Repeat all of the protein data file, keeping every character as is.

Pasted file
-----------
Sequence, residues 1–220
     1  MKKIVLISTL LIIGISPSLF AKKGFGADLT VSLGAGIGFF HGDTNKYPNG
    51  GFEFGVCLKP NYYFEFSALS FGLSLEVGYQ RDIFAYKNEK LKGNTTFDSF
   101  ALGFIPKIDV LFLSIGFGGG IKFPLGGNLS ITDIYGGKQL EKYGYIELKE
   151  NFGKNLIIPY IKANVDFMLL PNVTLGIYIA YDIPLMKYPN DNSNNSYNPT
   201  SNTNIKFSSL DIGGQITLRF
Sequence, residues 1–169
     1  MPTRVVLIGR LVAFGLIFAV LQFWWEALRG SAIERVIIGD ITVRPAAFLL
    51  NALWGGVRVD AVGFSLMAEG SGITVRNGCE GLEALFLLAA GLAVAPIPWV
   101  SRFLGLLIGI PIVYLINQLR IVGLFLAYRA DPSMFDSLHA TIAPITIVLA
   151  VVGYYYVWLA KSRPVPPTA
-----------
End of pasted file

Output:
Sequence, residues 1–220
     1  MKKIVLISTL LIIGISPSLF AKKGFGADLT VSLGAGIGFF HGDTNKYPNG
    51  GFEFGVCLKP NYYFEFSALS FGLSLEVGYQ RDIFAYKNEK LKGNTTFDSF
   101  ALGFIPKIDV LFLSIGFGGG IKFPLGGNLS ITDIYGGKQL EKYGYIELKE
   151  NFGKNLIIPY IKANVDFMLL PNVTLGIYIA YDIPLMKYPN DNSNNSYNPT
   201  SNTNIKFSSL DIGGQITLRF
Sequence, residues 1–169
     1  MPTRVVLIGR LVAFGLIFAV LQFWWEALRG SAIERVIIGD ITVRPAAFLL
    51  NALWGGVRVD AVGFSLMAEG SGITVRNGCE GLEALFLLAA GLAVAPIPWV
   101  SRFLGLLIGI PIVYLINQLR IVGLFLAYRA DPSMFDSLHA TIAPITIVLA
   151  VVGYYYVWLA KSRPVPPTA